Background: There has been a recent resurgence of tuberculosis (TB) as a worldwide public health concern. It is a well-documented health problem in Haiti, where the reported prevalence is 123.9 per 100,000 population. While the Centers for Disease Control and Prevention (CDC) and World Health Organization (WHO) policy papers for the eradication of TB recommend screening in shelters, prisons, and other congregate-living facilities, screening in institutional orphanages is not specifically mentioned. Methods: A total of 445 orphans with no documentation of Bacillus Calmette-Guerin (BCG) vaccine at six orphanages representing urban, suburban, and rural Haiti were screened for TB using standardized purified protein derivative (PPD). An inoculum of 0.1cc was introduced intradermally, with site checks for induration at 48-72 hours after inoculation. Induration >5 mm was recorded as positive. Active cases of TB were defined by symptoms such as fever, night sweats, cough greater than 1 month, or signs of extrapulmonary TB (like scrofula or Pott's disease). Results: The number of positive PPD tests was 170 of the 445 children tested, or 38,202 per 100,000; there were 10 active cases. The overall prevalence of tuberculin positivity in the three orphanages with one or more active cases was 44%, compared to 13% in the three with no identified active cases. Conclusions: The data indicate that TB prevalence among the orphans screened was 1123 per 100,000. This is substantially greater than that reported for the general Haitian population. These data thus suggest children living in orphanages as a previously unidentified high-risk group for TB infection. Further investigation of TB is recommended for orphans in developing countries.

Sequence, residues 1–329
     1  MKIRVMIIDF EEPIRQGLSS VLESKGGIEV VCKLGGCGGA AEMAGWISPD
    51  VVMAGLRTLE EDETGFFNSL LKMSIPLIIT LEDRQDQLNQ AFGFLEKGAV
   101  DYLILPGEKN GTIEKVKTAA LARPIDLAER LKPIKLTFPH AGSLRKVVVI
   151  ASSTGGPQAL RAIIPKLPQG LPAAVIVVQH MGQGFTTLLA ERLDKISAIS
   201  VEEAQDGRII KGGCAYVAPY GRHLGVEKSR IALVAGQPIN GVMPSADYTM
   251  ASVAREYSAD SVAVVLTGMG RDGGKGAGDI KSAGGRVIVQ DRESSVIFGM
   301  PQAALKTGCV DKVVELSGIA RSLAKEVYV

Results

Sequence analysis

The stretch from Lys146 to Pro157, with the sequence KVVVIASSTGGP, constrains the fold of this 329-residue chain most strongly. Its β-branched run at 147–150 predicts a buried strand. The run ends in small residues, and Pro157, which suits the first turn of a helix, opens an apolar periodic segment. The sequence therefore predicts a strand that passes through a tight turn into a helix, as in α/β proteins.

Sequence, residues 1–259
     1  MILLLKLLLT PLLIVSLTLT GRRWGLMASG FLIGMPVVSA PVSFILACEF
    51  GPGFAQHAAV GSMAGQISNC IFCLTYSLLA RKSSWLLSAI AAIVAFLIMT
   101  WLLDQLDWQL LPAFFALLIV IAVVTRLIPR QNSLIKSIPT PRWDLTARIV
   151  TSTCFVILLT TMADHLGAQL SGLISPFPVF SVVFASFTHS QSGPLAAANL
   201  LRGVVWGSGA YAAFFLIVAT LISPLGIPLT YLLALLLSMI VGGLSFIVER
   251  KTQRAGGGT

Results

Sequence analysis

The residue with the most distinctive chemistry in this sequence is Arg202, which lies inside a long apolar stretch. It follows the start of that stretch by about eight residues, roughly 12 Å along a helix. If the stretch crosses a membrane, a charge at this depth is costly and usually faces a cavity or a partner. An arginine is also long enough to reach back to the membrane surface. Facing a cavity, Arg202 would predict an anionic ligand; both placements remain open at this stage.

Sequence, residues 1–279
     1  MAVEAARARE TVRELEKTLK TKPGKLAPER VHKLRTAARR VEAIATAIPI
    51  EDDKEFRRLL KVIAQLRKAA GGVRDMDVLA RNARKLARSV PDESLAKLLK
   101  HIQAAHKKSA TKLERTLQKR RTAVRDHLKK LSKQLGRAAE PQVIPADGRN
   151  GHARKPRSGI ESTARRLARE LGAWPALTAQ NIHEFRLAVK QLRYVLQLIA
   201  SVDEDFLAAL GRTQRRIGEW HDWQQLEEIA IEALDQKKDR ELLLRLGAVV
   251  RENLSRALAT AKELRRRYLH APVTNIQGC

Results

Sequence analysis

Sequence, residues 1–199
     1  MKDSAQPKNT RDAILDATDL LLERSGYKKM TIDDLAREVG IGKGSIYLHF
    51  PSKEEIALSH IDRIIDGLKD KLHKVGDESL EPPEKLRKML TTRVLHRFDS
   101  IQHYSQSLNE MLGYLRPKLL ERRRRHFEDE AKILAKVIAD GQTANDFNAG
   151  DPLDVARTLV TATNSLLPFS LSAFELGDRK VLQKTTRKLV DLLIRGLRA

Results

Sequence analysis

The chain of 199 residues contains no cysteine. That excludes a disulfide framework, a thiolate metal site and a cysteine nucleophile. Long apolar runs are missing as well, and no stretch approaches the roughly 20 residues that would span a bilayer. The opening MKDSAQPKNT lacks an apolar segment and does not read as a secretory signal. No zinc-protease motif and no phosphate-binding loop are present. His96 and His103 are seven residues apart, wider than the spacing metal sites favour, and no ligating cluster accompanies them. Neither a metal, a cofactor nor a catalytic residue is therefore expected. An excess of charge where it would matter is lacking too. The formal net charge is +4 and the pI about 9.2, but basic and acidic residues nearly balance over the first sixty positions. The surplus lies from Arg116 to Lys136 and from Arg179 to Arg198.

- Developing countries
- Public health
ASJC Scopus subject areas
- Public Health, Environmental and Occupational Health